by Steve Lemke

As we celebrate Christmas, we focus on one of the most important Christian doctrines—the incarnation. Jesus was “Emanuel,” “God with us” (Matt. 1:23). So why does the incarnation really matter so much?

(1) The incarnation matters because it reminds us that the body is not evil. God created the physical world, including the human body, and He described it as “good” (Gen. 1:4, 10, 12, 18, 21, 25, 31). The Bible’s affirmation that the body is not inherently evil is underscored powerfully in the incarnation when the Word (Jesus) “became flesh and dwelt among us” (John 1:14).

(2) The incarnation matters because it allows Jesus to identify with and understand us. Jesus was born into the same sort of earthly circumstances in which we find ourselves—“born of a woman, born under the law” (Gal. 4:4, HCSB). Jesus experienced the challenges of growing up (Luke 2:42) and of being tempted (Matt. 4:1-11, Heb. 4:15). He knows what it means to be hungry (Matt. 4:2, 21:18; Mark 11:13; Luke 4:2) and thirsty (John 4:7, 19:28). In fact, since He lived in the First Century, in which there were no modern conveniences, His life was probably much harder than ours. Therefore, Jesus understands and can “sympathize with our weaknesses” (Heb. 4:15, HCSB).

(3) The incarnation matters because it makes Jesus the perfect Mediator for our prayers. Jesus is our Great High Priest (Heb. 4:14), and He has the supreme advantage of knowing exactly what we’re going through. He’s been there. Jesus was “tempted in all things as we are, yet without sin” (Heb. 4:15). Sometimes in the midst of a crisis, someone may tell you that they know how we feel, but in truth it is difficult for them to feel exactly like you feel until they have “walked a mile in your shoes.” Jesus took on human flesh and walked in our shoes. So, when we pray, we have a uniquely qualified Great High Priest Who truly knows what human struggles are like. Therefore, we can have confidence to pray in His name.

(4) The incarnation matters because it makes possible the forgiveness of our sins. The remission of sin requires a sacrifice of blood (Heb. 9:22). Blood comes only from real flesh and blood creatures. If Jesus were only divine, or like an angel, He would not be flesh and blood. Only because He took on human flesh could He be the sacrifice to atone for our sins (Matt. 26:28, Acts 2:38). An early church father, Gregory of Nazianzus, said, “That which was not assumed is not healed.” By that, he meant that had Jesus not taken on (assumed) human flesh, our sins would not be forgiven (healed). Because Jesus did take on human flesh, lived a sinless life (Heb. 4:15) and offered His sinless life on the cross of Calvary, He can provide forgiveness, atonement, salvation and eternal life for us (Rom. 5:1-21).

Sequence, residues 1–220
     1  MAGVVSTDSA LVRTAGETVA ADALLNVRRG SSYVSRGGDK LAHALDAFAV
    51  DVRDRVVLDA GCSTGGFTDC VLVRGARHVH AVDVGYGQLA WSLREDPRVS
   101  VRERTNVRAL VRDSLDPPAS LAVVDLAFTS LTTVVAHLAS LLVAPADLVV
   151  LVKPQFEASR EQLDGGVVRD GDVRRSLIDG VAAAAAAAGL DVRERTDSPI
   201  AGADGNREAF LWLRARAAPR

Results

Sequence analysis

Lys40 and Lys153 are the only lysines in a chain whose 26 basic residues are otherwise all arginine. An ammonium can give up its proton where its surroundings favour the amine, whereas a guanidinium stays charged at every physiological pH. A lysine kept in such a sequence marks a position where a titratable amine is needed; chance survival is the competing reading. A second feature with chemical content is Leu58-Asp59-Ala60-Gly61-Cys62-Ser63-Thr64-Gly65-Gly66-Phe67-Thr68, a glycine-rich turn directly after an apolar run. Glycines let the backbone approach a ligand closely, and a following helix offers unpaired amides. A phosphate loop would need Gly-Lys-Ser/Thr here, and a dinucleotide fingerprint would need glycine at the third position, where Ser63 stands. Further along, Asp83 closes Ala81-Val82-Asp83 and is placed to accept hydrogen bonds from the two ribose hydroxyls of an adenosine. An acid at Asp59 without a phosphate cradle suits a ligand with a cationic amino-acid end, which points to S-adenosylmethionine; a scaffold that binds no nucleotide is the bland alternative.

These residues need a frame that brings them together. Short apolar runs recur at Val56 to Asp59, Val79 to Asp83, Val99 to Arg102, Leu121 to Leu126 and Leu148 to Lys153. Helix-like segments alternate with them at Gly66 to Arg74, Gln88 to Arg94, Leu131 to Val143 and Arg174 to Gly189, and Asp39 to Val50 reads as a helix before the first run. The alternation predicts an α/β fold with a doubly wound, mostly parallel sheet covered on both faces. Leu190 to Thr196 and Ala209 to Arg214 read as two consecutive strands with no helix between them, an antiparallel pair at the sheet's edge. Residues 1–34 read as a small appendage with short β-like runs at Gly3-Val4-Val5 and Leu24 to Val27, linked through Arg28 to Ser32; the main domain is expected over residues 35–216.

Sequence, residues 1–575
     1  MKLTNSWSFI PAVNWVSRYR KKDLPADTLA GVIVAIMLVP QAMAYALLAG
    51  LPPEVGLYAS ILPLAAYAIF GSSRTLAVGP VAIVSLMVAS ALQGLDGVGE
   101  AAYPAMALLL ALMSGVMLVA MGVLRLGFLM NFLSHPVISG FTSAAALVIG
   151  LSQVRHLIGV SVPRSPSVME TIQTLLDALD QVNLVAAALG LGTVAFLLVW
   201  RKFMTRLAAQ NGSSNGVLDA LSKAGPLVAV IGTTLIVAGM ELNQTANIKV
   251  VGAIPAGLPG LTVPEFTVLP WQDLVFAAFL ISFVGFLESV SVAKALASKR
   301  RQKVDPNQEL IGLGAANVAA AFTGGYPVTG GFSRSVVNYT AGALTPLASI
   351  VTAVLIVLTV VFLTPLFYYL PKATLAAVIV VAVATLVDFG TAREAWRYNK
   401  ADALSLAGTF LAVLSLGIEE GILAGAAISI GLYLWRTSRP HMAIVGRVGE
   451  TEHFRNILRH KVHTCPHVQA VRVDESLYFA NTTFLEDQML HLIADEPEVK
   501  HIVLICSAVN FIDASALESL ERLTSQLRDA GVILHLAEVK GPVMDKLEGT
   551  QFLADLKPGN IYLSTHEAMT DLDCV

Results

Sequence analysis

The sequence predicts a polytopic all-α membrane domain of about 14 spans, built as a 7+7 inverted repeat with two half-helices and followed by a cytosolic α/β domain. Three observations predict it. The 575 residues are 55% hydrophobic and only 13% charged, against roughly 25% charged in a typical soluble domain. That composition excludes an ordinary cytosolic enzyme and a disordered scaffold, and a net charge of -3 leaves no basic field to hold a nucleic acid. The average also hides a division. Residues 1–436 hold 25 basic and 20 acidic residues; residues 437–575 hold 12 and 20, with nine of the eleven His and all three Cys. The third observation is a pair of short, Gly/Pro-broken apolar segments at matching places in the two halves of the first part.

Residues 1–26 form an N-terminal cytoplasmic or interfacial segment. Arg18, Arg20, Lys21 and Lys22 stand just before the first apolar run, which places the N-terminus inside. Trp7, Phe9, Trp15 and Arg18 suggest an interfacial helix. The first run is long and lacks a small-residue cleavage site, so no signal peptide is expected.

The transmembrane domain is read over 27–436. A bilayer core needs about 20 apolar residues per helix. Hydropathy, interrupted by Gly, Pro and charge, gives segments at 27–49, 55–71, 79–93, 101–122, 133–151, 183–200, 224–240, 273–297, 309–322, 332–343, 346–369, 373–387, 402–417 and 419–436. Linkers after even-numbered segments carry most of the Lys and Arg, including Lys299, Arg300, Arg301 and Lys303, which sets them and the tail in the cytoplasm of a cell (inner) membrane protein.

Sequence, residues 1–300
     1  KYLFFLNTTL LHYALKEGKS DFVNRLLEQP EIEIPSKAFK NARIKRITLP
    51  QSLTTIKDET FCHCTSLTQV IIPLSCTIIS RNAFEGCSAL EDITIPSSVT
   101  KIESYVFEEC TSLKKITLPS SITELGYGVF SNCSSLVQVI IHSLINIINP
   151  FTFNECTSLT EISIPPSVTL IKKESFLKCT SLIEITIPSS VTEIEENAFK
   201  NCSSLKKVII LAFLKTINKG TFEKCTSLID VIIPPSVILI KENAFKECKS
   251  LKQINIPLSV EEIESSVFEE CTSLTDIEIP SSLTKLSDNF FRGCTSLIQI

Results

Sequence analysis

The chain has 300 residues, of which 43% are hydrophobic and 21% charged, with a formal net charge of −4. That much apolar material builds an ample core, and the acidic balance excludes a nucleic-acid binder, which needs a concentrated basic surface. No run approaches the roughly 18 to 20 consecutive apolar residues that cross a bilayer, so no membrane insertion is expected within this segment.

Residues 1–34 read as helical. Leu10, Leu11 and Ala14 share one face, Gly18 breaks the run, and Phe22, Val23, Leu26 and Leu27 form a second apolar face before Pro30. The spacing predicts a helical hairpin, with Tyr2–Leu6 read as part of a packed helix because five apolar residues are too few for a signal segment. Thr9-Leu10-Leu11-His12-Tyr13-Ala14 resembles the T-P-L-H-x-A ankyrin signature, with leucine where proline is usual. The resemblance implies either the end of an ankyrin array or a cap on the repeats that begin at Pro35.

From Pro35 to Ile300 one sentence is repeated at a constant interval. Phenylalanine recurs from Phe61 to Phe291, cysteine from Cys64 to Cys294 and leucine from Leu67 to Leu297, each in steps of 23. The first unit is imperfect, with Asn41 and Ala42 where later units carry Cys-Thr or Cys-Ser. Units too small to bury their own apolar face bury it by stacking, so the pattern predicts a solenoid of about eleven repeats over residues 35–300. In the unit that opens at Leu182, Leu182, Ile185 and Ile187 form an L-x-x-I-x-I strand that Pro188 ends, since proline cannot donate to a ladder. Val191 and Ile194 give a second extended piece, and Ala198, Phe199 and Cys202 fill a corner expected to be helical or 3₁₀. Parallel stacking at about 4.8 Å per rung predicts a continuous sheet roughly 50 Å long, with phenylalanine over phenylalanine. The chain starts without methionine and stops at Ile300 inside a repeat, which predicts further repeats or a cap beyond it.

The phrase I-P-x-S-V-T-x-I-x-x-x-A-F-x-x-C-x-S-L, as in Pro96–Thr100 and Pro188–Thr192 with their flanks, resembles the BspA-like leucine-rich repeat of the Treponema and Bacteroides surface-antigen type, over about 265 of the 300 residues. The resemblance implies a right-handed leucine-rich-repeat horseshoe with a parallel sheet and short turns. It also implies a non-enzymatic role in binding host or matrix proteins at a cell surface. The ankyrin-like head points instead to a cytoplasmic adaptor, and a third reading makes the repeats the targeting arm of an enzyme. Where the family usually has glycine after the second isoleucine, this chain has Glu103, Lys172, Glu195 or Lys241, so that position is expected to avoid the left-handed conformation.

(5) The incarnation matters because it makes our resurrection possible. The Bible teaches not just the immortality of the soul, but even more importantly, the bodily resurrection. The Greek philosophers on Mars Hill in Athens already believed in the immortality of the soul, but when the Apostle Paul proclaimed the resurrection, they began to mock him (Acts 17:18-20, 30-34). Paul made it very clear in 1 Corinthians 15 that the resurrection of Jesus is the most important of Christian doctrines. If Jesus were not truly raised from the dead, Paul said, we are still in our sins, our faith is in vain and our preaching is in vain (1 Cor. 15:14-15, 17-18). In fact, however, Jesus became the first fruit of those who are resurrected, and thus we can have confidence in the forgiveness of our sins and in our own resurrections (1 Cor. 15:20).

These crucial doctrines associated with the incarnation reveal why one of the most dangerous heresies confronting the early church was Gnosticism. The Gnostics denied the incarnation—that Jesus was truly a human being. The Apostle John wrote those inspired words that in Jesus “the Word became flesh” (John 1:14), verified by the fact that the eyewitnesses of Jesus had heard, seen and touched Him (1 John 1:1-3). John even went so far as to assert that these heretical Gnostics were false prophets in the spirit of the antichrist when they denied that Jesus had “come in the flesh” (1 John 4:1-3). We must challenge those today who deny Jesus’ humanity just as the early church challenged the false prophets who denied the incarnation in their day.

So, for all these reasons, we celebrate at Christmas not just that Jesus came as the baby of Bethlehem, but that He was God in fleshly form. The incarnation really matters!

Steve Lemke is provost, professor of philosophy and ethics and McFarland chair of theology at New Orleans Seminary.